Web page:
The drawings were bought in the first half of the 18th century by the First, Second and Third Dukes of Devonshire. The Second Duke was the most assiduous of these collectors. Most of the 2,000 drawings at Chatsworth were his purchases. He spent money like a king, but was also a considerable connoisseur and a man of learning. The 200 drawings at the British
Museum give a glimpse of aristocratic taste that was both magnificent and discriminating.
He could have commissioned painted ceilings and golden ballrooms but this duke relished art that was kept in his library. One serviceable definition of a drawing is that it's a work that you look at from about the same distance as you read a book, and I imagine old Devonshire like a bookman, closing the door behind him, taking out his treasures, poring over them, searching for those flourishes of pen and crayon that give the most intense and rarefied pleasure.
So we can do today. Michael Jaffe, who has selected and catalogued the exhibition, writes of 'noble passages' in a Titian drawing, pointing especially to the distant mountains and sky hatched in with perhaps a couple of hundred movements of the pen. He's right. One of the miracles of drawing is the way that it can reveal temperament. In this mysterious yet calm invention, a horse leaping out of a pond pursued by a swimming serpent, we sense not just the subject (which remains unexplained) but the intellect of the artist who gave it creation.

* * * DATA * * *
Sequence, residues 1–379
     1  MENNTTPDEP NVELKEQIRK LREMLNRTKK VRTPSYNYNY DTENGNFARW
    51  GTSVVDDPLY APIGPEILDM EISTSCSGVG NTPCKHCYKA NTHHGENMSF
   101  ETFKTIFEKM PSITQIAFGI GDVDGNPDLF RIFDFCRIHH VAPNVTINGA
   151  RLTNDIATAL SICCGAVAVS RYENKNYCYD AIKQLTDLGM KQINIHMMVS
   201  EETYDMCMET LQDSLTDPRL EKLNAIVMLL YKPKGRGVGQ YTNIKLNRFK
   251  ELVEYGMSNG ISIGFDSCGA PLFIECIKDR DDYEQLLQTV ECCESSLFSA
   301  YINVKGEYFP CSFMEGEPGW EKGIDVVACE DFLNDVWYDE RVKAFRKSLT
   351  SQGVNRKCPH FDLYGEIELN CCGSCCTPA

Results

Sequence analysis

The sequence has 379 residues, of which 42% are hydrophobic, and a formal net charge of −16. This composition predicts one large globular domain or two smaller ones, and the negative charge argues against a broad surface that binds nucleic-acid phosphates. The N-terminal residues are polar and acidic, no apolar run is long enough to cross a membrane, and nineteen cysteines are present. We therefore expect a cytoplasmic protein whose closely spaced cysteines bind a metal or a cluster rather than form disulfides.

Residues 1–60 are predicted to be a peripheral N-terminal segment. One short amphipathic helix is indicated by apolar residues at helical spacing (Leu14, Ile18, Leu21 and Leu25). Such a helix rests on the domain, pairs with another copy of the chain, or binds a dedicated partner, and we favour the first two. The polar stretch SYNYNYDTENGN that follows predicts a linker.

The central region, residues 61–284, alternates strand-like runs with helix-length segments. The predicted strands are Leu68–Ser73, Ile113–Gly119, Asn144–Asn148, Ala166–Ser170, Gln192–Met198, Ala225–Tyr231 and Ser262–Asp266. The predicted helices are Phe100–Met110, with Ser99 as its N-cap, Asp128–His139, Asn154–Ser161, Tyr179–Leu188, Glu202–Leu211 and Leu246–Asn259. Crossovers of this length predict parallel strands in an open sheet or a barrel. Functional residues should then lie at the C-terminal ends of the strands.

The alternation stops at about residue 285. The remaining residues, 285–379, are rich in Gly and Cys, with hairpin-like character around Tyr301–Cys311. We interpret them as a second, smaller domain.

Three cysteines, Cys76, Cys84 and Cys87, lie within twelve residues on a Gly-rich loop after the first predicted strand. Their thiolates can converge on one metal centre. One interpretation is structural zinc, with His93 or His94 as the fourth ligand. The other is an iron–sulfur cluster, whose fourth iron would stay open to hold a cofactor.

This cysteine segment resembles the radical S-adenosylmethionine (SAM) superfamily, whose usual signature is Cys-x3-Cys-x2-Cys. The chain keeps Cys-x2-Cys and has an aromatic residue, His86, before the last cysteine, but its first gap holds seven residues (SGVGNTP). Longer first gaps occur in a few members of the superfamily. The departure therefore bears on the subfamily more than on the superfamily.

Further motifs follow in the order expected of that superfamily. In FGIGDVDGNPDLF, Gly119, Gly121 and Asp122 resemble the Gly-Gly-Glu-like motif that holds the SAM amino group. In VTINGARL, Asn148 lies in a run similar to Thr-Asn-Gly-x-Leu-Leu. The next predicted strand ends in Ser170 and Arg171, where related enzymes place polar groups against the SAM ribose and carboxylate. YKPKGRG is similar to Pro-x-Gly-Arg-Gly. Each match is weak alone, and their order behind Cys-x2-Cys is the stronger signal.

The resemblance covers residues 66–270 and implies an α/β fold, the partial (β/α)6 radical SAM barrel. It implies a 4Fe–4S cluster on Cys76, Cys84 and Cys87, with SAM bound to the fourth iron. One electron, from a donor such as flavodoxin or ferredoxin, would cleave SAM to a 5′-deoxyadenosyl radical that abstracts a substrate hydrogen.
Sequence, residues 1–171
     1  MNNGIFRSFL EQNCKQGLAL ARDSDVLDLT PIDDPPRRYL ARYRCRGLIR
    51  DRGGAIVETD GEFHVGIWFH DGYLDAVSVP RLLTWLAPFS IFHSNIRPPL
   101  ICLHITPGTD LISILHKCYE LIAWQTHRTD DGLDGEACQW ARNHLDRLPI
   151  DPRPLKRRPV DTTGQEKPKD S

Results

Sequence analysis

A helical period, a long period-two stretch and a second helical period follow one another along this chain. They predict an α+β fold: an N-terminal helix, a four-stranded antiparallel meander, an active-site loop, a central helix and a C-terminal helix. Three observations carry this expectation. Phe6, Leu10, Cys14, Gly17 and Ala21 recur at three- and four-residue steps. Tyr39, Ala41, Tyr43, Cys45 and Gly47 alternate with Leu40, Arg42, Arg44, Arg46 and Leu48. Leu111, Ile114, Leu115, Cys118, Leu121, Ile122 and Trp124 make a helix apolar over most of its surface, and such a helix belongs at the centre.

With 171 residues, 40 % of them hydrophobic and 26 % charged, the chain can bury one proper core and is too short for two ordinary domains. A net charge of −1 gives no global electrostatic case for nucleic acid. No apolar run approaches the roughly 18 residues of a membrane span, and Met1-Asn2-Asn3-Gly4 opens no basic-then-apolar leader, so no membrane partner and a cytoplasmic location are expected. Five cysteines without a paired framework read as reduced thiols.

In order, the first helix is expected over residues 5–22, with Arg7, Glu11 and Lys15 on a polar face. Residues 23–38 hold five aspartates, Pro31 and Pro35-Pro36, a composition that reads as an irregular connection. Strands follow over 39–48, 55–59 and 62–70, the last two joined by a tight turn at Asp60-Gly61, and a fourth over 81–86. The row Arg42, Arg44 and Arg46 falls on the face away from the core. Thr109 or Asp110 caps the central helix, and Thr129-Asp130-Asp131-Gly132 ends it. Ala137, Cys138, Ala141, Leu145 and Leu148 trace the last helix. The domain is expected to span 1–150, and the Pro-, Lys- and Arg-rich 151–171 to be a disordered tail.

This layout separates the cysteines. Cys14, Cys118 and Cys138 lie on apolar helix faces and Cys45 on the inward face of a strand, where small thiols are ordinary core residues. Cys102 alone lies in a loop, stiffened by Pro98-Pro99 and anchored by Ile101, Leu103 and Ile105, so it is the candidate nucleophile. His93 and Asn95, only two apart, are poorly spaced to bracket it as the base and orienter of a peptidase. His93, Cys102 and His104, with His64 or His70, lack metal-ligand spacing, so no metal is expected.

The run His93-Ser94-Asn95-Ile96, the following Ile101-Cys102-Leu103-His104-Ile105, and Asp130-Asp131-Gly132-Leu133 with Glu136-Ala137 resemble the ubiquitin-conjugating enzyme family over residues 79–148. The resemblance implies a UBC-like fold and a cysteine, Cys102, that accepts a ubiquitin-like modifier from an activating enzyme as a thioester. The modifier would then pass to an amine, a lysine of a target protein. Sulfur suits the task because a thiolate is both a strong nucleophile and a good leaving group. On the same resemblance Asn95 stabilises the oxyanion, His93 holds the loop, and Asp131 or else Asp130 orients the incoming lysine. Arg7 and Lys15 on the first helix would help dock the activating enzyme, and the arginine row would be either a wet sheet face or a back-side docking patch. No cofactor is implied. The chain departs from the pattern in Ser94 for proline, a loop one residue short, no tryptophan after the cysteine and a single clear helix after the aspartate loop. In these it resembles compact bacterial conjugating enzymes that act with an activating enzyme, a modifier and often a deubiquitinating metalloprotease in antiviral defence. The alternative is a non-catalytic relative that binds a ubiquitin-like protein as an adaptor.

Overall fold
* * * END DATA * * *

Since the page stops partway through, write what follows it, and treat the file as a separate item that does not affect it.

Or, to take a more disturbing example, think of the Duke taking out his drawings by Leonardo da Vinci. If he was a true lover of art, which I think he must have been, he would not have done so very often, nor for long. Here is Leonardo's study for his lost painting Leda and the Swan. The great bird nuzzles the naked woman. At her feet minute putti emerge from shells. It's a horrible insight into the mind of a great but flawed man, a genius who wished to control nature yet could not come to terms with the human nature that had occasioned his birth. His celebrated caricatures, four of which are on display, show similar horror of life. It is not altogether natural that a person obsessed with ideal beauty should also brood on ideal ugliness. So it was with Leonardo. No one has ever managed to explain this, but we turn our eyes from Leonardo while we gaze long on Titian.
I suppose it is true that the greatest old masters produced the greatest drawings. None the less we ought not to be overawed by drawings just because of their rarity and because they are attributed to famous names. But the Chatsworth exhibition is so stimulating because the major artists really don't disappoint, Leonardo being a special case. The Carracis and Domenichino are particularly elevated. And, by contrast, the weaker old masters are revealed. A view of a Venetian procession that has traditionally been given to Giovanni Bellini is reattributed by Jaffe to his brother Gentile. This seems just, given the relative strengths of the two artists and the quality of the drawing.
The Devonshires were mostly interested in Italian drawing but the exhibition also contains fine work from the French and Northern European schools. It is good to see Jacques Callot and an exquisite pastoral by Watteau. The Claudes are exquisite, Rubens characteristically noble, Holbein the Younger solid and sensitive. Rembrandt - who once owned this exhibition's Titian - stands apart. All his drawings are of the highest order, but I would single out the little picture of a cottage and a tree, done in brown ink with a reed pen. At first it looks as modest as its subject. Longer examination reveals not only draughtsmanly pride but also the nobility that Jaffe finds in the Italian master.
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